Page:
LONDON (Reuters) – BP’s profit doubled to $12.7 billion in 2018, driven by strong growth in oil and gas output following the acquisition of a large portfolio of U.S. shale assets.

The logo of BP is seen at a petrol station in Kloten, Switzerland October 3, 2017. REUTERS/Arnd Wiegmann/File Photo

The company’s debt rose however, and the pace of its share buyback scheme slowed in the last quarter as it completed the $10.5 billion BHP acquisition.

“We now have a powerful track record of safe and reliable performance, efficient execution and capital discipline. And we’re doing this while growing the business,” BP Chief Executive Officer Bob Dudley said in a statement.

Rivals Royal Dutch Shell, Exxon Mobil and Chevron all reported stronger-than-forecast earnings last week driven by higher production in U.S. shale basins where Oil Majors have invested billions in recent years.

BP, like its competitors, wrapped up 2018 on a strong note despite a sharp drop in crude prices at the end of the year that wiped out most gains made in share prices throughout the year.

Uncertainty over the outlook for oil prices as well as concerns over global economic growth and sino-American trade tensions also continued to weigh on the sector.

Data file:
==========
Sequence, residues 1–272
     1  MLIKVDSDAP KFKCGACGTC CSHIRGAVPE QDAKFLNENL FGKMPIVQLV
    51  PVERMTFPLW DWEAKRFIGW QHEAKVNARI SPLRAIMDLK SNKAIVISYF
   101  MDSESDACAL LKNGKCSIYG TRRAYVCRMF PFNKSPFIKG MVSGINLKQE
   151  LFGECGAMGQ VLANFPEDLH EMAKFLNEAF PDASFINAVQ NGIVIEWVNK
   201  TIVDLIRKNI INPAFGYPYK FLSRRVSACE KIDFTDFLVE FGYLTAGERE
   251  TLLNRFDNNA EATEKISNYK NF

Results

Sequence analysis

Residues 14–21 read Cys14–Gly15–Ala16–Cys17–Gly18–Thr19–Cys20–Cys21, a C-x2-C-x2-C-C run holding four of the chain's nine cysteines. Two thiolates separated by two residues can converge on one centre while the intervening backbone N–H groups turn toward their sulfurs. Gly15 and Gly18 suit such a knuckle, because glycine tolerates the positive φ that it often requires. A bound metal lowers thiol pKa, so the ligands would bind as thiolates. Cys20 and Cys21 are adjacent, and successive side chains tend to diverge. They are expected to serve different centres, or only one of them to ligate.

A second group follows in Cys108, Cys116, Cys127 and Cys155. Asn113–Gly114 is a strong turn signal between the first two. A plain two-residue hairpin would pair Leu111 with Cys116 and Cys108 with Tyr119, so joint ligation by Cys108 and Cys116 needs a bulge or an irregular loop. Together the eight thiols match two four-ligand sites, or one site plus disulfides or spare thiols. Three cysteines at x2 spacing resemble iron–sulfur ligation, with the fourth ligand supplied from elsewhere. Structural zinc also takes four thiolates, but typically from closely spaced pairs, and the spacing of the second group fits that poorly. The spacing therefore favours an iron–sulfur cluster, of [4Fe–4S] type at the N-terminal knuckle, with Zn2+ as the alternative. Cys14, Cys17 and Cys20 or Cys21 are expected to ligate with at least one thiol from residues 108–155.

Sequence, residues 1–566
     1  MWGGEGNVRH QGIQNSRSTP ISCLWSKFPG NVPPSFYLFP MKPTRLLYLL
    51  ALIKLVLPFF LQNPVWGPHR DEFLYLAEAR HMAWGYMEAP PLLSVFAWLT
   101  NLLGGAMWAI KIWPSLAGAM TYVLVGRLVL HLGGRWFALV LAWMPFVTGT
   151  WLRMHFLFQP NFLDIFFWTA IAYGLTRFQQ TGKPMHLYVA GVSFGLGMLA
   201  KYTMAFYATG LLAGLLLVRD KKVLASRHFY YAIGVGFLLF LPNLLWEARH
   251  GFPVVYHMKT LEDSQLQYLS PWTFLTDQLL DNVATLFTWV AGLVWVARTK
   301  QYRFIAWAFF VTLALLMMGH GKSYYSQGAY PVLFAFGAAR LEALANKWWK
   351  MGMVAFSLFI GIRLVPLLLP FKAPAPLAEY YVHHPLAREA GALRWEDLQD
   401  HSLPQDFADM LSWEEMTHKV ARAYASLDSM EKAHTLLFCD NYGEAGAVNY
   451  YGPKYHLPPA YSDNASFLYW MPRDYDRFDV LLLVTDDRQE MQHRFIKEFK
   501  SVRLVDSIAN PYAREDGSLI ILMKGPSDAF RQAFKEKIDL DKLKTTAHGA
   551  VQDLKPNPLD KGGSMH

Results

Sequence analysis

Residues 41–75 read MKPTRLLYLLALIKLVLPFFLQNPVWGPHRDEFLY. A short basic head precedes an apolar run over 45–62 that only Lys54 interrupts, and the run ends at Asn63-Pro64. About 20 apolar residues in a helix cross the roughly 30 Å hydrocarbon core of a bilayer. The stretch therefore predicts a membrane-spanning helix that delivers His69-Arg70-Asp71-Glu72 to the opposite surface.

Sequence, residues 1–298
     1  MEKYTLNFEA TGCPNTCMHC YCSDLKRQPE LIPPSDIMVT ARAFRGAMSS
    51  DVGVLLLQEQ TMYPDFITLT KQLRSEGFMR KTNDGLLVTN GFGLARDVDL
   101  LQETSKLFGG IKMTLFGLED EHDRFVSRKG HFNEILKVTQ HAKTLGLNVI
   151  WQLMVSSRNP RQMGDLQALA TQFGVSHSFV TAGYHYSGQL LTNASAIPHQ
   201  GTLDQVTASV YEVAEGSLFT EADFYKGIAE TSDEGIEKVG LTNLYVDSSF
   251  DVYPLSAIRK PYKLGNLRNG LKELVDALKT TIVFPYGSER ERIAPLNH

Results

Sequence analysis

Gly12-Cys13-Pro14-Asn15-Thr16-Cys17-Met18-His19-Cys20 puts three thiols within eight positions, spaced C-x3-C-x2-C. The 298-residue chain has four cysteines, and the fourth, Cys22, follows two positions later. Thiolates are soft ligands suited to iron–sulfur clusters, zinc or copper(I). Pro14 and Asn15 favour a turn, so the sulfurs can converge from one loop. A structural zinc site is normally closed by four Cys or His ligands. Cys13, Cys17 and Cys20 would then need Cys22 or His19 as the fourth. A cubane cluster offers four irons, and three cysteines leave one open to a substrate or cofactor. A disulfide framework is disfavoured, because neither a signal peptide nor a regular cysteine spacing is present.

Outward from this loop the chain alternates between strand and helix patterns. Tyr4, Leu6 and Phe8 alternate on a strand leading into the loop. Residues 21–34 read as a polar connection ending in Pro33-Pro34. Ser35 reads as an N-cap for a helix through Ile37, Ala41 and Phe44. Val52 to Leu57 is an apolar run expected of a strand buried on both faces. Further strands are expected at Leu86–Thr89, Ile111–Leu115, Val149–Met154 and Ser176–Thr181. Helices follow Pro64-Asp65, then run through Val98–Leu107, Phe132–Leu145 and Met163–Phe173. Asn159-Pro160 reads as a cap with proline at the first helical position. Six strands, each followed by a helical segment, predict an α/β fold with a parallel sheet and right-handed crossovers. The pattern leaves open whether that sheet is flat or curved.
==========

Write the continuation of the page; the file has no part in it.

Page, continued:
After settling the vast majority of payments for the deadly 2010 Deepwater Horizon spill in the Gulf of Mexico, totalling nearly $70 billion, BP has more recently focused on growing production into the next decade, including the BHP deal which is its largest in 30 years.

Fourth-quarter underlying replacement cost profit, the company’s definition of net income, reached $3.5 billion, exceeding a company-provided forecast of $2.63 billion.

That compared with a profit of $2.11 billion a year earlier

and $3.84 billion in the third quarter of 2018.

For the year, BP’s profit rose to $12.7 billion, double the previous year’s $6.17 billion. Analysts expected 2018 profits of $11.88 billion.

BP’s production rose in 2018 to 3.7 million barrels of oil equivalent per day after it completed the acquisition of BHP’s onshore U.S. shale portfolio and thanks to the start up of new fields including the 120,000 barrel per day Clair Ridge project in the North Sea.

Excluding its share of production from its 20 percent stake in Russia’s Rosneft, BP’s production was up 8.2 percent from 2017.

Gearing, the ratio between debt and BP’s market value, rose to to 30.35 percent at the end of 2018 from 27.4 percent a year earlier. Net debt was $44.1 billion at the end of last year.

Cashflow for 2018 reached $26.1 billion, including a $2.6 billion gain due to inventory sales, compared with $24.1 billion for 2017.

Reporting by Ron Bousso, editing by Louise Heavens and Kirsten Donovan


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